The Virginia Senate approved two pro-LGBTQ bills that ban discrimination in public employment and housing.
The bills, patroned by Sens. Adam Ebbin (D-Alexandria) and Jennifer Wexton (D-Leesburg), would ensure LGBTQ people are not discriminated against based on their sexual orientation or gender identity.
Republicans maintain a two-seat edge in the chamber, but half of the Republican caucus voted with all 19 of the chamber’s Democrats to pass both bills by a margin of 29-10, including several Republicans from more conservative areas of the state who had not previously voted for a pro-LGBTQ bill.
Ebbin hailed passage of both bills as a sign of “continued progress for the new Virginia economy,” adding that “forward-thinking companies want to locate in states where all their employees feel welcome and are safe from discriminatory practices.”
“I have proudly championed this legislation for the last three years. It is gratifying to see it pass the Senate again and I look forward to bringing it over to the House,” Wexton said in a statement. “This is not only an issue of fundamental fairness but also of economic viability. What business will want to come to Virginia when their employees can be denied housing because of whom they love or how they identify?”
The bills now head to the House of Delegates, where they have been killed in subcommittee in past years. But Democrats gained 15 seats in November’s elections, narrowing Republicans’ edge from a 66-34 margin to a 51-49 margin.
As a result, Democrats have picked up one seat on each House subcommittee, meaning LGBTQ advocates only have to sway a handful of Republicans to successfully send a bill to the larger committee for consideration — a crucial step in the legislative process.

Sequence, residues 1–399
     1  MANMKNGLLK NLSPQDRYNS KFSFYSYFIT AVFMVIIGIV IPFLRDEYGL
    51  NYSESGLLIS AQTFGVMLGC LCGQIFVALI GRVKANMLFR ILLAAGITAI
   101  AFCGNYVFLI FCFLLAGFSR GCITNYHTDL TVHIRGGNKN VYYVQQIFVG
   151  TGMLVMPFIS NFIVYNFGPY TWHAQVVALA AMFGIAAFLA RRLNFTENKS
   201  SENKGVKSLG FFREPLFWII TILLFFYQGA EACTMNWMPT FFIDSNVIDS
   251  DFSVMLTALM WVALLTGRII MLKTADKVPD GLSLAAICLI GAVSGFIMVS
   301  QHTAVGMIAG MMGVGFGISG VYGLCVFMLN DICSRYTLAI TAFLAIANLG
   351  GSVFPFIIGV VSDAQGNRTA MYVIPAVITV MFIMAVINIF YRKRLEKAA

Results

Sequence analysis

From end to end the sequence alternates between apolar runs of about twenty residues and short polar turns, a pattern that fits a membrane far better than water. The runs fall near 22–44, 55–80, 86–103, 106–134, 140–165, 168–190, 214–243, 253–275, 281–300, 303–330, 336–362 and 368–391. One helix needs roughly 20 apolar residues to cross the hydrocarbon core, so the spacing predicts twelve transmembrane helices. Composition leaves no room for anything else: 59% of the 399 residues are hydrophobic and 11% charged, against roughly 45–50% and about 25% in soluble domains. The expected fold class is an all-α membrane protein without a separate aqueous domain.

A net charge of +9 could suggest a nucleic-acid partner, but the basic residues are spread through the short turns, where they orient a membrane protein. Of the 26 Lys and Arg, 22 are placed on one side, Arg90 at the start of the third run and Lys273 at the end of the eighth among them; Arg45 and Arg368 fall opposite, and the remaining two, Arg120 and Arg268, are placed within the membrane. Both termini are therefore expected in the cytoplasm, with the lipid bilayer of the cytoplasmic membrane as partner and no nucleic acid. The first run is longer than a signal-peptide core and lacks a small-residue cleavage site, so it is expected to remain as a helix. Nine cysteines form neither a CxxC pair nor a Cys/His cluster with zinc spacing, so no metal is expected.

Both the Human Rights Campaign and Equality Virginia celebrated the bills’ successful passage by the widest margin in Virginia Senate history, and urged lawmakers in the House to pave the way to allowing a floor vote on the bill. Advocates believe they have the 51 votes needed to pass both measures if all 100 members are allowed a vote, meaning the subcommittee is the last — and likely most significant hurdle to writing LGBTQ nondiscrimination protections into the Code of Virginia.
“Today, the Virginia Senate stood up for fairness and equality by voting to make the commonwealth a more welcoming and inclusive place for all Virginians, including LGBTQ people,” Marty Rouse, HRC’s National Field Director, said in a statement. “It’s essential for the future of Virginia that the newly elected House of Delegates move swiftly to ensure these long-overdue protections are passed and sent to Governor Northam to be signed into law. These are basic non-discrimination protections that LGBTQ Virginians need and deserve.”
“Both parties came together today to pass non-discrimination protections consistent with the views of a majority of Virginians who believe gay and transgender people should be able to work and live free from discrimination,” James Parrish, the executive director of Equality Virginia, said in a statement. “We are hopeful that with a new Speaker, and many new pro-equality members, that these bills will pass in the House of Delegates, where they have stopped short of protecting LGBT Virginians in the past.”
Joseph Papa, the communications director for Equality Virginia, told Metro Weekly that the organization will be encouraging Virginians to contact their legislators and express their support for both bills.
According to the General Assembly website, the members of Subcommittee #4, which deals with employment-related bills, are: Keith Hodges (R-Urbanna), Buddy Fowler (R-Ashland), James Leftwich (R-Chesapeake), Jason Miyares (R-Virginia Beach), Glenn Davis (R-Virginia Beach), Betsy Carr (D-Richmond), Patrick Hope (D-Arlington), and Kathleen Murphy (D-McLean).
The members of Subcommittee #3, which deals with housing issues — and, quite unusually, has 9 members — are: Barry Knight (R-Virginia Beach), Christopher Peace (R-Mechanicsville), Todd Gilbert (R-Woodstock), Leftwich, Miyares, Will Morefield (R-North Tazewell), Luke Torian (D-Woodbridge), Jay Jones (Norfolk), and Lashrecse Aird (D-Petersburg).
A listing of all House Delegates, along with phone numbers for their district and Richmond offices, can be found at virginiageneralassembly.gov.
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